Forum: evaluate RNA extraction based on sequencing
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gravatar for schelarina
3.8 years ago by
schelarina30
European Union
schelarina30 wrote:

I am quite new in the topic of next generation sequencing. I am trying to find the best extraction method of small RNAs. The idea is to compare different extraction methods by sRNAseq. I wonder what would be the best criteria then. I am not sure if the number of mapping reads is enough. I should look at the coverage on the exon intron and intergenic regions. Any other suggestions or link to some papers where I can find more info?

Thanks   

 

sequencing rna-seq forum • 911 views
ADD COMMENTlink modified 3.8 years ago by matted6.9k • written 3.8 years ago by schelarina30
1

What about a TapeStation, the Agilent Bioanalyzer. A bit up from running a gel, gives you some better estimates on what you captured and the quality of what you captured. You can run it pre and post size selection. However, I'm not sure how well this will work once you do size selection for small RNAs, it might think your sample is degraded.

It might be better to find some people who already do this and ask them, find people who do sRNA-Seq in your model of interest and email them. See if there are any NGS core facilities near you and ask them what they use. Or, just ask the company you're getting the kit/machine from.

Outside of that, your only option is to spend a ton of money and benchmark each method by sequencing it. As for metrics, I'm guessing you could look at n-mer counts and see if any particular n-mer is in greater/lesser abundance than you'd expect.

Here's a paper that's done some comparison: http://nar.oxfordjournals.org/content/early/2013/11/05/nar.gkt1021.full

ADD REPLYlink written 3.8 years ago by pld4.7k

Keep in mind that most small RNAs that you'll be getting are miRNAs, so they won't be spliced.

ADD REPLYlink written 3.8 years ago by Devon Ryan86k

Why are you talking about splicing here? I don't get it.

ADD REPLYlink written 3.8 years ago by Lars580
2

You mentioned introns, so...

Edit: Oops, you're not the OP! Mea culpa!

ADD REPLYlink modified 3.8 years ago • written 3.8 years ago by Devon Ryan86k

Oh ok, I thought schelarina was talking about looking for reads mapping to introns/exons/intergenic regions to evaluate the RNA extraction. Meaning: If a lot of reads map to not-smallRNA regions, the extraction was not good. And then your comment would make no sense, but now I see what you mean. 

ADD REPLYlink written 3.8 years ago by Lars580

this is what I meant

ADD REPLYlink written 3.8 years ago by schelarina30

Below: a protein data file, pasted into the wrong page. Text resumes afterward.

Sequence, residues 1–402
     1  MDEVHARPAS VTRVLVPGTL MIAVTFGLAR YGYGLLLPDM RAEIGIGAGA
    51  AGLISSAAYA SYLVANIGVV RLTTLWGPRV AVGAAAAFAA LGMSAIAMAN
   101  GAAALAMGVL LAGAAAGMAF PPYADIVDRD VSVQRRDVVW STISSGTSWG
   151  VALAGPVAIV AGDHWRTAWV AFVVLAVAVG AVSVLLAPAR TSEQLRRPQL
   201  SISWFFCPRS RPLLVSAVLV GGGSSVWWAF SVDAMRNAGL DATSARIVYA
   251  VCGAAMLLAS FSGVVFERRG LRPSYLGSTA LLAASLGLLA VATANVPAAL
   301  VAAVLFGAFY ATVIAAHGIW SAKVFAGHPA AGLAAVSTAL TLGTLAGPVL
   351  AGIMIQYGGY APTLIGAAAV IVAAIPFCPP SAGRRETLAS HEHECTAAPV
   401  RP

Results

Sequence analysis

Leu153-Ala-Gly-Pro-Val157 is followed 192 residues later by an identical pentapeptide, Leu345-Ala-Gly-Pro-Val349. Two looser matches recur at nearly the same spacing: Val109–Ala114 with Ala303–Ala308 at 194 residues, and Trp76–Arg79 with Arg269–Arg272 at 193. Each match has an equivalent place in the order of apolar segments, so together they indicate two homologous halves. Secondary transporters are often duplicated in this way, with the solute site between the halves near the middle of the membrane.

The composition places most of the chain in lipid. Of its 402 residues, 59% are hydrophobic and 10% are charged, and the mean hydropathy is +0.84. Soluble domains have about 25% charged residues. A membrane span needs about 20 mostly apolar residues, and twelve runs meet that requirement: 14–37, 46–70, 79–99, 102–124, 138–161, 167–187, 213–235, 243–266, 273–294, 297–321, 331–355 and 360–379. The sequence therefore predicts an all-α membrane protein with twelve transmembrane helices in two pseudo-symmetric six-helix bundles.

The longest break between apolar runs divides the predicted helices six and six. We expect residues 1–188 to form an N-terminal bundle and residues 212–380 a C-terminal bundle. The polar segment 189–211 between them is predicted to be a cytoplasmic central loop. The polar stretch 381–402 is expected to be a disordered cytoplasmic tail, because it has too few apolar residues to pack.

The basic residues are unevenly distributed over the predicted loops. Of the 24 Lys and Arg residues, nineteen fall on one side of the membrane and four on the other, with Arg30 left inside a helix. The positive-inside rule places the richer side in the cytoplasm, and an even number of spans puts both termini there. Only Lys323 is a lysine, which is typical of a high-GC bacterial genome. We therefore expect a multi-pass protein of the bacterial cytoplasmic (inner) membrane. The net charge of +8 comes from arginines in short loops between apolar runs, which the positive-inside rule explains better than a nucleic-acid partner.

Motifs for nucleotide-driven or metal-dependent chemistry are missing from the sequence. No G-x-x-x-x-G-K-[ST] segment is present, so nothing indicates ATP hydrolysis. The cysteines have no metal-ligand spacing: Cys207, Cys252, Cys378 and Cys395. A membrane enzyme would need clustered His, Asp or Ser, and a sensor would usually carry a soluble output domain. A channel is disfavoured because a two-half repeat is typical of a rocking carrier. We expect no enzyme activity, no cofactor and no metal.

How well this will work depends on the species a bit. If you're working on human or mouse then that'll probably work. If you're working on a different organism, then it's hard to know if a non-small RNA alignment is background contamination or just a something missing from the annotation.

ADD REPLYlink written 3.8 years ago by Devon Ryan86k

I just noticed that you weren't the OP, sorry about the confusion there!

Yeah, OP could have meant what you wrote or have thought that small RNAs are also spliced and then have wanted to see how much of the pre-mRNA equivalent is present. This is one of the methods for evaluating mRNA extraction methods, since you only normally care about the mature mRNAs.

ADD REPLYlink written 3.8 years ago by Devon Ryan86k
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gravatar for Whetting
3.8 years ago by
Whetting1.5k
Bethesda, MD
Whetting1.5k wrote:

How about running a gel? Sequencing is expensive. Running a gel should show you that you extracted small RNA?

ADD COMMENTlink written 3.8 years ago by Whetting1.5k

I think schelarina is interested in looking at things like coverage bias, which a gel won't show you. In reality, many of the extraction methods end up extracting total RNA and then you perform a size selection. Of course then you have to ask how that size selection step affects coverage/bias/etc.

ADD REPLYlink modified 3.8 years ago • written 3.8 years ago by Devon Ryan86k

A gel or a bioanalyzer chip will show the integrity of the RNA, but not the presence of contaminants introduced by the extraction method that could then interfere with the library prep and therefore the sequencing

ADD REPLYlink written 3.8 years ago by schelarina30

A gel or a bioanalyzer chip will show the integrity of the RNA, but not the presence of contaminants introduced by the extraction method that could then interfere with the library prep and therefore the sequencing

ADD REPLYlink written 3.8 years ago by schelarina30
0
gravatar for matted
3.8 years ago by
matted6.9k
Boston, United States
matted6.9k wrote:

This isn't focused on small RNAs, but the comparisons and benchmarks they do may give you some ideas for measuring RNA-seq quality in general.  You may be able to adapt some of their tests to create small RNA-specific metrics.  The authors compare multiple strand-specific RNA-seq protocols: "Comprehensive comparative analysis of strand-specific RNA sequencing methods".

ADD COMMENTlink written 3.8 years ago by matted6.9k
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